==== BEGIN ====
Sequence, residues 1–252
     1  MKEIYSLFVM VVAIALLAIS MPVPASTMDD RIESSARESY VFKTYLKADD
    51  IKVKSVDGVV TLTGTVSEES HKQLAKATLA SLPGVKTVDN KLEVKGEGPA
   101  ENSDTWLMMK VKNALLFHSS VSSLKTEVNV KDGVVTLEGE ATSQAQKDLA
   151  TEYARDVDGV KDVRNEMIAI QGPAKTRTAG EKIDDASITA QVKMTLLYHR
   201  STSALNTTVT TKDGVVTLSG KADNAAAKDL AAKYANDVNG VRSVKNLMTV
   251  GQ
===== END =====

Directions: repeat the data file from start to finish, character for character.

Sequence, residues 1–252
     1  MKEIYSLFVM VVAIALLAIS MPVPASTMDD RIESSARESY VFKTYLKADD
    51  IKVKSVDGVV TLTGTVSEES HKQLAKATLA SLPGVKTVDN KLEVKGEGPA
   101  ENSDTWLMMK VKNALLFHSS VSSLKTEVNV KDGVVTLEGE ATSQAQKDLA
   151  TEYARDVDGV KDVRNEMIAI QGPAKTRTAG EKIDDASITA QVKMTLLYHR
   201  STSALNTTVT TKDGVVTLSG KADNAAAKDL AAKYANDVNG VRSVKNLMTV
   251  GQ